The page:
The perfect mondegreen storm
Almost any song could inspire a mondegreen, but some offer much more potential than others. The Cutter by Echo and the Bunnymen is surely the perfect storm when it comes to mondegreens.
The lyrics make no sense at all. There’s a surreal quality to the song which defies comprehension and the singer, Ian McCulloch, is a Liverpudlian with a strong accent and poor enunciation.
Mondegreens and psychological discomfort
There’s no doubt that mondegreens reinforce your belief that what you think you have heard is correct. Once your mind has settled on alternative lyrics, that is all you ever hear, even when you know what the lyrics really are.
Some psychologists suggest that this is because our minds inevitably settle on words that we are comfortable with, understand or want to hear. Although I can’t imagine why I wanted to hear the word Sellotape!
Many experts also feel that mondegreens are our subconscious attempts to make sense of the implausible. The trouble with that theory is that mondegreens are often less plausible than the original lyrics, witness “cudden cudder muster”!
Mondegreens and language
The majority of mondegreens are the result of people mishearing lyrics sung in their own language. Such errors become almost inevitable if you are listening to a song sung in a foreign language, especially when you don’t speak it! Your ears and little grey cells work hard to decipher the words. But often interpret these as words that you already know rather than what is actually being sung.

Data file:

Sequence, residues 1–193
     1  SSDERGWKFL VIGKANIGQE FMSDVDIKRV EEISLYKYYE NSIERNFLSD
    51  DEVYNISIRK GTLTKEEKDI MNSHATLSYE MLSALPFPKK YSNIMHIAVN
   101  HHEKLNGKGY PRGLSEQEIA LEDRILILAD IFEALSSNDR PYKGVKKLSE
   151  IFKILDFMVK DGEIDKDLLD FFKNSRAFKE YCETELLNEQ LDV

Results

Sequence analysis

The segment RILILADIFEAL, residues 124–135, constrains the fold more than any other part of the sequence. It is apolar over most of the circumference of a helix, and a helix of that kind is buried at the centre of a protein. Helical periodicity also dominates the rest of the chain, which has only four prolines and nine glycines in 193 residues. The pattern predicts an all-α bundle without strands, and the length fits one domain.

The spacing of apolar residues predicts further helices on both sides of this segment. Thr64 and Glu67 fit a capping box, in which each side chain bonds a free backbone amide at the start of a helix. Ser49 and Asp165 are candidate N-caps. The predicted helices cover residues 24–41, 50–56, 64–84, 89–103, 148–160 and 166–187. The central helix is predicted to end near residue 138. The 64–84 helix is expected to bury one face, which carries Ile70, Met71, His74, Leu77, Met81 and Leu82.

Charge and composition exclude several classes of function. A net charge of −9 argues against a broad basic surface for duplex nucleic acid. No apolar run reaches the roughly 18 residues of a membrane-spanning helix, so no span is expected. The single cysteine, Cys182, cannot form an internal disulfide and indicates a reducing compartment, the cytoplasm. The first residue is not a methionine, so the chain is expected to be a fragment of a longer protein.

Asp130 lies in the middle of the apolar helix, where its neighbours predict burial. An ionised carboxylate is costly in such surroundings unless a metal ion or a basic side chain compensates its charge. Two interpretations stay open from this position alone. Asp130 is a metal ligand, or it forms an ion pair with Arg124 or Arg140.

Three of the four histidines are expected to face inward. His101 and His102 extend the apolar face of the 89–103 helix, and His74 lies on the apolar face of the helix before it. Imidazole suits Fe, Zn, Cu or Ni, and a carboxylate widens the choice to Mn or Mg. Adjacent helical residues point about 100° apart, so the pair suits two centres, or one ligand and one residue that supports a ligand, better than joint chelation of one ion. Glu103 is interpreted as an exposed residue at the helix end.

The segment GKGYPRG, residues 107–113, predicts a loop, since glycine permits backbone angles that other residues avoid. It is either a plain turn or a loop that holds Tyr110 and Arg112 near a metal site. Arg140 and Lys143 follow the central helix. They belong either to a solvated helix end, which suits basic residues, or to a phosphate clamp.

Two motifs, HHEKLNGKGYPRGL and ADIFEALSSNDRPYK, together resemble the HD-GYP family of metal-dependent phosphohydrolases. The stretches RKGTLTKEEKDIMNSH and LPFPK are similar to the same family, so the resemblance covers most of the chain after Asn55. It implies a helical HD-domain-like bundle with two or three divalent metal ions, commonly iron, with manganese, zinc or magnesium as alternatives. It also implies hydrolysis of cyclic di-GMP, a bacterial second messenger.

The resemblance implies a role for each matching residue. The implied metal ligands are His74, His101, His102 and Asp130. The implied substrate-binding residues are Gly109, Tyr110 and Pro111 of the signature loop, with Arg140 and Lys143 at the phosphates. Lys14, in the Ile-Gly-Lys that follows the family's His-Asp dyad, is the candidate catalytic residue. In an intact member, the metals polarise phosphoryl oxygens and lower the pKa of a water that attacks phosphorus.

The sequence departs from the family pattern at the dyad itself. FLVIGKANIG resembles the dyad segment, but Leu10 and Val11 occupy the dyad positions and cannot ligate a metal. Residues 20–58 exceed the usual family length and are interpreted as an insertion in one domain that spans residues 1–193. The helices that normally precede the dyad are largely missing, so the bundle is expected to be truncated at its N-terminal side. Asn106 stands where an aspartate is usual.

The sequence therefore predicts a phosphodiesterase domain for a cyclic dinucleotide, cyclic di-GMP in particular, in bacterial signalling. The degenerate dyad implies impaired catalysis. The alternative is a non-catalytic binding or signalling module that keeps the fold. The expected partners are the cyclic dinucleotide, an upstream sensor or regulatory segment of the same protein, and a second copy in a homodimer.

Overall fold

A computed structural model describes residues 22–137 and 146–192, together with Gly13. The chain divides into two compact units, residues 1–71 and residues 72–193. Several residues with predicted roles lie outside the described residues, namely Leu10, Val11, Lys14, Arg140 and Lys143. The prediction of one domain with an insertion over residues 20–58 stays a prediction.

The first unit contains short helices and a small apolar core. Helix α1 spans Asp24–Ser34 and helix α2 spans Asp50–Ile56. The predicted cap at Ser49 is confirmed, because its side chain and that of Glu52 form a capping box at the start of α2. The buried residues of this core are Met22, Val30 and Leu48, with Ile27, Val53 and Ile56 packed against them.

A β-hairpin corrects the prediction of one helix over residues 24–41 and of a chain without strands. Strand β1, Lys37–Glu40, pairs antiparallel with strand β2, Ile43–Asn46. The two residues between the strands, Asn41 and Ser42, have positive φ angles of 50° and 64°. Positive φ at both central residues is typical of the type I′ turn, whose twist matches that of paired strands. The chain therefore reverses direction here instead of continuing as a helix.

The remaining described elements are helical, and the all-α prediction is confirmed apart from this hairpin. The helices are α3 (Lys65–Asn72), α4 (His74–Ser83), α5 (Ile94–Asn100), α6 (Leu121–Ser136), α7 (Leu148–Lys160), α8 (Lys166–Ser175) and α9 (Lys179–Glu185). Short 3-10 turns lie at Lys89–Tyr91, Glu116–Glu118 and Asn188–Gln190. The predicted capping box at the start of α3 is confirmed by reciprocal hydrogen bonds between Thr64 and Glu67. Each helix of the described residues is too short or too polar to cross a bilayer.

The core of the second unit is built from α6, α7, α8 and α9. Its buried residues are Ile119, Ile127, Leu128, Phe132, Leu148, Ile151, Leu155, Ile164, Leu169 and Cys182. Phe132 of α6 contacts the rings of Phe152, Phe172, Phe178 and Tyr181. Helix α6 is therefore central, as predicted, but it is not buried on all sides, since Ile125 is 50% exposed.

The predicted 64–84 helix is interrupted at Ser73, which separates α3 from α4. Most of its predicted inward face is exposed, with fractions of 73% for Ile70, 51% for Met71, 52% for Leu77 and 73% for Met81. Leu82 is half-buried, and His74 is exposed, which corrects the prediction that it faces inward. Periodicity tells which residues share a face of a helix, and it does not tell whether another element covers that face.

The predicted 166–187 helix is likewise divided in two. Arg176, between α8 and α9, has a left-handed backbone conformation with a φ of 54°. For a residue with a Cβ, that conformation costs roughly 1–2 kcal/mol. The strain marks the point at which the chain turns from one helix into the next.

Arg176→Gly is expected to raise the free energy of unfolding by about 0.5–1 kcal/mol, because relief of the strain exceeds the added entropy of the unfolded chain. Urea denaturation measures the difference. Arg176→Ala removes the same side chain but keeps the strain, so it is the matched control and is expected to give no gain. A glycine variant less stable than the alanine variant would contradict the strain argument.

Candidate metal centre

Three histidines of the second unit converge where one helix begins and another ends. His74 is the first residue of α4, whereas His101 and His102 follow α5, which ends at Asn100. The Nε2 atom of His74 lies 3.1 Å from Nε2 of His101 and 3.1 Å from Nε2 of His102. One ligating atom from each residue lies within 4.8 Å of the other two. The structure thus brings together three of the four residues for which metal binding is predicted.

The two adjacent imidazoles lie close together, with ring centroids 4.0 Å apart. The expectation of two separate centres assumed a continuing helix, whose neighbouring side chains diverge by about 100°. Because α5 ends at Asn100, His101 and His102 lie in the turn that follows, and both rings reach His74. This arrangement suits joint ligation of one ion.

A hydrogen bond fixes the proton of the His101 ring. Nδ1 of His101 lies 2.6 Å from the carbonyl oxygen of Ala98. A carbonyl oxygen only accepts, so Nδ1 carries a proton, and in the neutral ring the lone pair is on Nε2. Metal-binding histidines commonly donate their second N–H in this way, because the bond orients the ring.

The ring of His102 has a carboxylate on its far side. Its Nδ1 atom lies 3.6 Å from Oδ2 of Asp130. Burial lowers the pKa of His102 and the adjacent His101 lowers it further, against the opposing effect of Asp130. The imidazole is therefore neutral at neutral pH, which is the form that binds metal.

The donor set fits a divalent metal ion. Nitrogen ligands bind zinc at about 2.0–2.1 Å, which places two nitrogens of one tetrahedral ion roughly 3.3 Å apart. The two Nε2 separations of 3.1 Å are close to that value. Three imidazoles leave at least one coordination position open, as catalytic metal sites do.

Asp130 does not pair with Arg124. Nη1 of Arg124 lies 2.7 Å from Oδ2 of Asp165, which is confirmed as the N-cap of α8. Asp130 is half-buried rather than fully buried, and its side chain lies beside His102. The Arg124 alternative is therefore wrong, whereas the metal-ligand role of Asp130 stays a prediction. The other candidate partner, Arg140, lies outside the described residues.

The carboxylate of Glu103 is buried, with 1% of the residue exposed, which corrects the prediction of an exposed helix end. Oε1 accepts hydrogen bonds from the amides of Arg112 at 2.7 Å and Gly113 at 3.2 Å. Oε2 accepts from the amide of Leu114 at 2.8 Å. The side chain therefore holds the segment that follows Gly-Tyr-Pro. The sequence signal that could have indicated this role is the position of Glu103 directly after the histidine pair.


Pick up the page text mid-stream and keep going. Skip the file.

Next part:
For years, I was completely convinced that Josh Groban’s beautiful “Gira Con Me”, which is sung in Italian, extolled the virtues of Limoncello. The lyric is actually “ci sono strade azzurre nel cielo” which means “there are blue roads in the sky”. What a shame. I rather liked the idea of a song about a delicious drink.
When mondegreens become the official lyrics
From time to time, a mondegreen is repeated so often that it eventually replaces the original lyrics of a song. The traditional ditty “The Twelve Days of Christmas” originally featured the line “four colly birds”. The word colly means to render something black but is somewhat obscure and rarely used. Perhaps that is why the line had become “four calling birds” by 1909 and that is the version of the song which is still used today.
It would appear that we are so determined to make sense of lyrics and dialogue that our minds summon mondegreens even when what we are hearing is supposed to be gobbledygook. Take the infamous case of McDonald’s cursing Minions. In 2015, McDonalds featured Minion toys in their happy meals to celebrate the release of the Minions movie. Many parents complained that the talking toys were using offensive language! They weren’t, of course!
It would be interesting to hear what psychologists make of this amusing series of mondegreens.
The darker side of mondegreens
Any recording of music or speech could be misheard. The resulting mondegreens are usually amusing and completely harmless. However, sometimes a misinterpretation of recorded speech can have dire consequences.
Covert recordings are often used as evidence in criminal trials. These can be of very poor quality. When it is difficult to understand what is being said, transcripts are made for the benefit of the court. But if the sound quality is so poor, it raises the possibility of inaccurate transcripts. Juries could be told that a defendant has said something incriminating when they haven’t.